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An Accident is an unplanned event or chain of events,

which has caused injury or illness and/or damage (loss)


to people, property, the environment or reputation.

A Near Miss is an unplanned event or chain of events,


which potentially could have caused injury or
occupational illness and or damage (loss) to people,
property, the environment or reputation, but which did
not.

Managing safety involves not only investigating and


learning from those incidents involving damage or loss,
but more importantly learning from those incidents that
could have resulted in a loss but did not (in other words
learning lessons from the near misses).

For example, if a person slips on a patch of oil on the


deck, the results of the incident can range from a minor
inconvenience to one where the victim when falling on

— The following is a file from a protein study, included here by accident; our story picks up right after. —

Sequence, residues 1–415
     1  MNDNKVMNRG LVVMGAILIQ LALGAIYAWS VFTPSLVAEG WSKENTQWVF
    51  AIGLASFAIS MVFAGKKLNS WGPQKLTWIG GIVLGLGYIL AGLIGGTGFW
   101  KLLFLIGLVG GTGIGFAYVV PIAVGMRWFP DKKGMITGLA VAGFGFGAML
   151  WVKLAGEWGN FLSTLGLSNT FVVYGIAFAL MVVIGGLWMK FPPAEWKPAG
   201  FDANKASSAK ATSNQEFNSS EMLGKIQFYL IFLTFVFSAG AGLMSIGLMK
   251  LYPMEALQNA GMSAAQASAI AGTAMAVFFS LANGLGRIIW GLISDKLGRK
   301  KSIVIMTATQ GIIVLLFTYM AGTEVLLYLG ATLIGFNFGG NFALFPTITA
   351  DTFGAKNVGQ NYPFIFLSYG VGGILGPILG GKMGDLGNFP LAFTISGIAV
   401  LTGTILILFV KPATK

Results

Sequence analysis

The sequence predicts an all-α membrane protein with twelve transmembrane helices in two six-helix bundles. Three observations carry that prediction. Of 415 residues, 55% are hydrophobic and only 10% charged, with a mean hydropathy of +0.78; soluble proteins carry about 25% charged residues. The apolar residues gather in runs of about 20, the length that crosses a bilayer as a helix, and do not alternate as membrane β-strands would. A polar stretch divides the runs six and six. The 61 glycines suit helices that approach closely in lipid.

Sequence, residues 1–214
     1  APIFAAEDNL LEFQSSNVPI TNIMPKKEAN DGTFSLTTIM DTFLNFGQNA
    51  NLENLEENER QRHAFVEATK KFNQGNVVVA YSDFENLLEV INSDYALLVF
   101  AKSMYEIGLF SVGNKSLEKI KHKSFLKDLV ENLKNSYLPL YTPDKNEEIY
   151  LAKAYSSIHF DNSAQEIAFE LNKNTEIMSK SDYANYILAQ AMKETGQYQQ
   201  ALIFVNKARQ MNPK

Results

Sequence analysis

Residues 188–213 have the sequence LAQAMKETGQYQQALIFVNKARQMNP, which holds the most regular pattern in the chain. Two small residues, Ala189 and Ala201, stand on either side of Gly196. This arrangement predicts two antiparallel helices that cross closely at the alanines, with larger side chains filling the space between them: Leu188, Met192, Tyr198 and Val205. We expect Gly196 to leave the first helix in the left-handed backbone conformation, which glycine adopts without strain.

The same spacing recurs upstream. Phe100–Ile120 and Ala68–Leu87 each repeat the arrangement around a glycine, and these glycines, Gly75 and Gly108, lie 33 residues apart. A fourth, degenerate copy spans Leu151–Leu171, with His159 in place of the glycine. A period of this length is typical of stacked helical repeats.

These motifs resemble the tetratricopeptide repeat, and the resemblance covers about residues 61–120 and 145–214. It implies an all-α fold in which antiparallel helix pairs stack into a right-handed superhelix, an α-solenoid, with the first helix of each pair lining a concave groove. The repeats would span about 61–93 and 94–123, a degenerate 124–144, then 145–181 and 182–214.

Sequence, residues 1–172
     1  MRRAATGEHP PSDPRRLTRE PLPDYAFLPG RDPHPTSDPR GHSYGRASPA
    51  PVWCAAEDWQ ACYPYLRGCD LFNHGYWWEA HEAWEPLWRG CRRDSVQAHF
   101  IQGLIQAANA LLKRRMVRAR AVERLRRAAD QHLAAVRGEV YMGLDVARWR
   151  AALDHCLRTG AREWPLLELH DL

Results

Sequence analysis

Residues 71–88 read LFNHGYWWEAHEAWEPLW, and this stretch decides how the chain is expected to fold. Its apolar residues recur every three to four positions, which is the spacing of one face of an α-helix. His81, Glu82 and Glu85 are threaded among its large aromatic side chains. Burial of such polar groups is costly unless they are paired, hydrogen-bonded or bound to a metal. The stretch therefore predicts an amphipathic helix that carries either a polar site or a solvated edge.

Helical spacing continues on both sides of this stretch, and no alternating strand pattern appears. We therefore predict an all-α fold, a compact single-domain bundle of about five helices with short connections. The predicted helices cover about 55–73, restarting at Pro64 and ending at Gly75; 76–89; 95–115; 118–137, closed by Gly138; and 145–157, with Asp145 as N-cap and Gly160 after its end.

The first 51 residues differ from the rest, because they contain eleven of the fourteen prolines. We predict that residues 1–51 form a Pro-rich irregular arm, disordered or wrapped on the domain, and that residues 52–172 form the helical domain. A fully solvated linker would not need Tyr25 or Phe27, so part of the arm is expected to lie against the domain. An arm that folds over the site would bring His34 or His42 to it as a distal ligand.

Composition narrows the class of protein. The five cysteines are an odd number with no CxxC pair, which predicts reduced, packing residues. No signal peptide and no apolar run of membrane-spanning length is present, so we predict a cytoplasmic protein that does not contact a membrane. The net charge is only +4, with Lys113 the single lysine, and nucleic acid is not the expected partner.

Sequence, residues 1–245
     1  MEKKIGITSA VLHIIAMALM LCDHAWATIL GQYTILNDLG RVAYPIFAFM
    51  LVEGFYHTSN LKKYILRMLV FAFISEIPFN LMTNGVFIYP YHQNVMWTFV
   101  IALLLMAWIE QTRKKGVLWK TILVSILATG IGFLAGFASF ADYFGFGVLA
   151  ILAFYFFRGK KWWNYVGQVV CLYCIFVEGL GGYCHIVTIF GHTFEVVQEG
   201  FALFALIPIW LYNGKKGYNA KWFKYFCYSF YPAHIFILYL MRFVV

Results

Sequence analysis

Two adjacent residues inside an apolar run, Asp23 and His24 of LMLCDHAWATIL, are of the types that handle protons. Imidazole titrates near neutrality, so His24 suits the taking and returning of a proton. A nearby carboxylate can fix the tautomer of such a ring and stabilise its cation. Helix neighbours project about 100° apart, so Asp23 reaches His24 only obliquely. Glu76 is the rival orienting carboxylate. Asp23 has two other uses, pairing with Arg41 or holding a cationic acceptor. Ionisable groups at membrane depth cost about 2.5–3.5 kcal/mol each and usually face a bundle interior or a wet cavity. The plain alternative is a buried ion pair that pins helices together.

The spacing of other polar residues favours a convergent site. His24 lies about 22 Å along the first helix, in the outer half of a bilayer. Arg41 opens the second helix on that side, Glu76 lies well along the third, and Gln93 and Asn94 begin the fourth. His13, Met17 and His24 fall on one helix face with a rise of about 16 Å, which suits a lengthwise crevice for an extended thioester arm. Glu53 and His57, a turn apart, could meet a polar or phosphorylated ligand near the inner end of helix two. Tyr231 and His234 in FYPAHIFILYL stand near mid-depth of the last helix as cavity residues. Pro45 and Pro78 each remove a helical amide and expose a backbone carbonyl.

deck strikes his head fatally on a sharp piece of steel.

There are various outcomes between these two extremes


and it is crucial to record and judge incidents by their
potential rather than their actual outcome. This can only
be done by reporting all incidents.

Capt. Dinyar Sidhva R-0/24.10.17


The proportion of incidents occurring which do not lead
to injury or damage far outweigh actual injury or
property damage accidents. It is very important to
develop a means of gathering in these incidents, some
of which may have a high accident potential in order to
gain an insight into potential problem areas. On the
basis of the information so gathered a proper assessment
of likely potential risks can be made and thereafter
appropriate preventive measures can be taken. The
investigating system will thus detect any underlying
failures.

Through a "no-blame" culture the safety management system


must encourage the reporting of all incidents that have
accident potential, so that each event offers an opportunity
to learn and thereby strengthen the system.

Capt. Dinyar Sidhva R-0/24.10.17